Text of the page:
The Spark

“The emancipation of the working class will only be achieved by the working class itself.” — Karl Marx

Conditions of life for Haitians

Mar 1, 2004

The news media show photos or television clips of Haitians trying to open containers of food, with reporters adding derogatory comments about the population. In fact, the people were right to do this. There is no food available, and water and electricity are shut off for most Haitians. With armed gangs raging, roads are blocked, nothing functions, and workplaces have shut down. Yes, hungry people seeing food containers coming into the country want to tear them open.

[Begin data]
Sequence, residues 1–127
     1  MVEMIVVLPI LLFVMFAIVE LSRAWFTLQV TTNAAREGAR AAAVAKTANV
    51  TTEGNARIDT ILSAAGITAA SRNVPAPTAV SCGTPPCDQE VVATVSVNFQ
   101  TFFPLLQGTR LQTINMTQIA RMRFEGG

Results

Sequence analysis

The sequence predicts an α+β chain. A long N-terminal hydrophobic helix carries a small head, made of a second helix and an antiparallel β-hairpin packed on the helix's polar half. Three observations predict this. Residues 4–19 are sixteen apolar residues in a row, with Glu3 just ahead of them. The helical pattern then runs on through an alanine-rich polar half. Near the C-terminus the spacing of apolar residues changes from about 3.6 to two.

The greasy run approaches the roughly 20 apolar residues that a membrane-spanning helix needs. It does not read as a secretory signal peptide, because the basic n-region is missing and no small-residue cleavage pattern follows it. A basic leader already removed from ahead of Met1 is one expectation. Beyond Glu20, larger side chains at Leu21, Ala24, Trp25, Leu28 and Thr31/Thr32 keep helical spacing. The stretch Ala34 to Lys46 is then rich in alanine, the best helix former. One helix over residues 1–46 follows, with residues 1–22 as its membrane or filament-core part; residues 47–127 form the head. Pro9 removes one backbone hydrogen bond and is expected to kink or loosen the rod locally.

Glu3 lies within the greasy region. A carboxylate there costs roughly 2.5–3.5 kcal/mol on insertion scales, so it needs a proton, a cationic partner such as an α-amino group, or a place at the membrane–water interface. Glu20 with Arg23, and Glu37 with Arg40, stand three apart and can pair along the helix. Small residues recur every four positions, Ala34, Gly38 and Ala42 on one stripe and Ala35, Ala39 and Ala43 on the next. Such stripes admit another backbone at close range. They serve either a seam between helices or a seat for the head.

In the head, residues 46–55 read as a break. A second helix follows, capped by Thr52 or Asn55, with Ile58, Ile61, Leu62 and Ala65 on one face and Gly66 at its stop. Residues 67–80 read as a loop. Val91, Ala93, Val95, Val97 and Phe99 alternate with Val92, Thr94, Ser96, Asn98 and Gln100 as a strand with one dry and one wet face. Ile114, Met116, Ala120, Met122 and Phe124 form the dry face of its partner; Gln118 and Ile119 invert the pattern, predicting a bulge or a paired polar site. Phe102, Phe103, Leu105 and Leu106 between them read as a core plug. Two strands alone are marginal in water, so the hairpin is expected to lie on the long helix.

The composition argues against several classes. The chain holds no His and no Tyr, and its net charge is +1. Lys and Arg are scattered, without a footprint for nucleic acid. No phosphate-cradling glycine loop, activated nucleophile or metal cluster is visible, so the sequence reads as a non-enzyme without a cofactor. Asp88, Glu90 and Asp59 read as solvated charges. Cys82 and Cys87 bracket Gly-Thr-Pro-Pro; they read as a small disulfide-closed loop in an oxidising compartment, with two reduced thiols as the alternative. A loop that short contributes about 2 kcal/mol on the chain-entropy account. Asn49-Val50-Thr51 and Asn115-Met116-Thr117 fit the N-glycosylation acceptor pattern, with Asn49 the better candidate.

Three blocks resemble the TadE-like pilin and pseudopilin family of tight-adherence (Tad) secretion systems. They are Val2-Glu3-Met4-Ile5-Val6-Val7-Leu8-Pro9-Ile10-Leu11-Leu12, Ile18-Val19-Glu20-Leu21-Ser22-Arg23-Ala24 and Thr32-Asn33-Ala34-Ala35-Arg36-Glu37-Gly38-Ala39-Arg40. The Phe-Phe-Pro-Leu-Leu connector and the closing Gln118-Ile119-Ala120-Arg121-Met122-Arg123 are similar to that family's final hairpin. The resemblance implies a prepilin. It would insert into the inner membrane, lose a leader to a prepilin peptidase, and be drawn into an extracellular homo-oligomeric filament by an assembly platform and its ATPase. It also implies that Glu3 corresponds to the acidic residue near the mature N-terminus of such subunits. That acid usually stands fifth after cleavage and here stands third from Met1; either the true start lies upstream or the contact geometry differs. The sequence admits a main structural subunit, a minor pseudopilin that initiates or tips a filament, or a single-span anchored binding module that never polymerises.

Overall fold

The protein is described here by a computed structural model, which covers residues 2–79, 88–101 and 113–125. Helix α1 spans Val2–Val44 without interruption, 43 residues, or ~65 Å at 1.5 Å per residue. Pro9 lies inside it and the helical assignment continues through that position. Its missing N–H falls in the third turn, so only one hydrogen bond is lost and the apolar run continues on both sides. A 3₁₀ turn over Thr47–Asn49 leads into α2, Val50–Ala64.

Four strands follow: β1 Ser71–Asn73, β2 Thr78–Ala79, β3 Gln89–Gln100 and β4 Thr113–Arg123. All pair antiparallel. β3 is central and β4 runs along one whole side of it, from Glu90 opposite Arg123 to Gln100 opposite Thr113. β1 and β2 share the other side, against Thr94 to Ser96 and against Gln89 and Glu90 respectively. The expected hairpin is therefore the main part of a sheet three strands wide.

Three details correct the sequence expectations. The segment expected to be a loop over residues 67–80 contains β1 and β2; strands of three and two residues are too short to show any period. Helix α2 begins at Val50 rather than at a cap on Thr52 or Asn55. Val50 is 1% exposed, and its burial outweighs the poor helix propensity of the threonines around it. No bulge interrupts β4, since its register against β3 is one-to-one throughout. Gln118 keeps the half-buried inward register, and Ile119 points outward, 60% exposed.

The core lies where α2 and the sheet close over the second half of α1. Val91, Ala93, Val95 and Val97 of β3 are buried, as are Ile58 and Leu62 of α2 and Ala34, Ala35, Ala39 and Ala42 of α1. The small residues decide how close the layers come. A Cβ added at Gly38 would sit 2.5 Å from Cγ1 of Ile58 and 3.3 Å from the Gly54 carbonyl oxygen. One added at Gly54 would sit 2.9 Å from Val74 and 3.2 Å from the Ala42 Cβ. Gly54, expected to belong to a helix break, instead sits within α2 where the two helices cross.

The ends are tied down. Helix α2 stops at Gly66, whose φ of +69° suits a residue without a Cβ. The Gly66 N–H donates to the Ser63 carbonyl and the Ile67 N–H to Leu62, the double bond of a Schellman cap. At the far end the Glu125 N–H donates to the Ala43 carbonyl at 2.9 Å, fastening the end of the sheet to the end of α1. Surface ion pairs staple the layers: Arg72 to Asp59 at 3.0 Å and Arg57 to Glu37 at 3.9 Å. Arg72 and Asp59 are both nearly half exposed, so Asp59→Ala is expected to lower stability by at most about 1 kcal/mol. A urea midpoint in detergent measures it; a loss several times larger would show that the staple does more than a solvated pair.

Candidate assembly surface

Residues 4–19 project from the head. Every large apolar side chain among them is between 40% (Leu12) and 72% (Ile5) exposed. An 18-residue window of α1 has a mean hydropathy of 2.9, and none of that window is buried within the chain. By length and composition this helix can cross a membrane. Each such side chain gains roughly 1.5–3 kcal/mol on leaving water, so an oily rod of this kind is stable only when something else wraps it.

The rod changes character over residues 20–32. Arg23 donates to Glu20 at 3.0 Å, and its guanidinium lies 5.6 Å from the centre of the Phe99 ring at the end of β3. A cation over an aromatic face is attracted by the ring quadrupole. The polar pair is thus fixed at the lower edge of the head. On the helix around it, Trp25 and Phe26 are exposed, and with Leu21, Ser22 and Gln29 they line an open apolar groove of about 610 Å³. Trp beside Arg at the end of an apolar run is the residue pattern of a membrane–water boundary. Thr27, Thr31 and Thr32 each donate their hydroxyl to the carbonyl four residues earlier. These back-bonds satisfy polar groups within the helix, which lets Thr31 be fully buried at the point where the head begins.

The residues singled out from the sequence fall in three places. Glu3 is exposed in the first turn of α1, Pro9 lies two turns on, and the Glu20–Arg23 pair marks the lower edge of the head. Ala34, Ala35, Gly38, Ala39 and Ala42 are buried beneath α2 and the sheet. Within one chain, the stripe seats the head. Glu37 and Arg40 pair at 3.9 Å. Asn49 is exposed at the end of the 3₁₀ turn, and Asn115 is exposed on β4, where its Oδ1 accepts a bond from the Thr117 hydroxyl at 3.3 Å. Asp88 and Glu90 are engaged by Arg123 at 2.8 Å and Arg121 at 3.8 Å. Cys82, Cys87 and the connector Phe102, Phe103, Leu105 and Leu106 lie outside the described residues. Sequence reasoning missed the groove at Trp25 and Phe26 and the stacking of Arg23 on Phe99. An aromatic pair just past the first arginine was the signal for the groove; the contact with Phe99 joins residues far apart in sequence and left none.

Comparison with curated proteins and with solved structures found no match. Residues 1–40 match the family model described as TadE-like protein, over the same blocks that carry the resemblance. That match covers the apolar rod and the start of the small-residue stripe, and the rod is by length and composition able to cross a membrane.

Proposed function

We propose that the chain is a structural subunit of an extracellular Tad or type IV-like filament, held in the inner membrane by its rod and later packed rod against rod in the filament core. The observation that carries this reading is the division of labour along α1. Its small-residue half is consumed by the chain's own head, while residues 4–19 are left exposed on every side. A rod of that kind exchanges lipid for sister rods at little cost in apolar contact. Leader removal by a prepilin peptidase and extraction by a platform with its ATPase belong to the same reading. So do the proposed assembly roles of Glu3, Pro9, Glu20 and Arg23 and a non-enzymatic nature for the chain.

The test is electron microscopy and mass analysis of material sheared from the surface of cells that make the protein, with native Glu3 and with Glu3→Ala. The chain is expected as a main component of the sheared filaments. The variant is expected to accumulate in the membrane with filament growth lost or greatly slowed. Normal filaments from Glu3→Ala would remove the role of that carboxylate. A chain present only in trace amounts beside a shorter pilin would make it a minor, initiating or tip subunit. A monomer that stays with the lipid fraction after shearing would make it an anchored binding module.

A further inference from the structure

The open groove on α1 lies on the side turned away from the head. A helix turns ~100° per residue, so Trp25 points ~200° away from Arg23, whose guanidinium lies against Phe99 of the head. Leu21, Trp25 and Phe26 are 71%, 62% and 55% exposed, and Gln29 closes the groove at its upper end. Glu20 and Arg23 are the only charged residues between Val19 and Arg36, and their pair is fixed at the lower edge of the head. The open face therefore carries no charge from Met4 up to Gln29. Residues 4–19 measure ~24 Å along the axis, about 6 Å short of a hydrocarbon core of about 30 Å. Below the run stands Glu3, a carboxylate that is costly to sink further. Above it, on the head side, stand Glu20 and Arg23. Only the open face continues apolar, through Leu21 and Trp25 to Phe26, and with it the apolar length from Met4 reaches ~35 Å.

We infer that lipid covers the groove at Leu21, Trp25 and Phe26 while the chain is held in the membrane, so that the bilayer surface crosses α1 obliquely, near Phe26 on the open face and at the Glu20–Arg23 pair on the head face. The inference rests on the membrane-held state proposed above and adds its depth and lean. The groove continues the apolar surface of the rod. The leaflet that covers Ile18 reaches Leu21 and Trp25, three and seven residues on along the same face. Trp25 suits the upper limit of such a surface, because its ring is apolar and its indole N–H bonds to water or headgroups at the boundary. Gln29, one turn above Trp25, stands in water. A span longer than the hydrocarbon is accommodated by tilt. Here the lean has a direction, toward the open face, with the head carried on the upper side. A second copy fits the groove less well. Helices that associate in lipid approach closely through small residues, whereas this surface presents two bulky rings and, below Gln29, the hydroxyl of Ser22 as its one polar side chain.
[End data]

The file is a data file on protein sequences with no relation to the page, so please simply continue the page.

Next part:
As fighting continues throughout the country, hospitals are not functioning, medicine is impossible to get, buses do not run, kerosene for lamps is rarely available. And still the gangs terrorize, beat up and burn down the homes of their victims, leaving uncounted dead.

But before this all began, even for those with jobs – and that was a minority of the population – life was very precarious. Little racketeers kept the prices of necessities soaring. Most workers make no more than about 76 gourds a day (currently worth $1.79) – when they have any wages at all – while they must pay 20 gourds for just two tomatoes, three onions or three bananas.

This is life in a poor country under siege.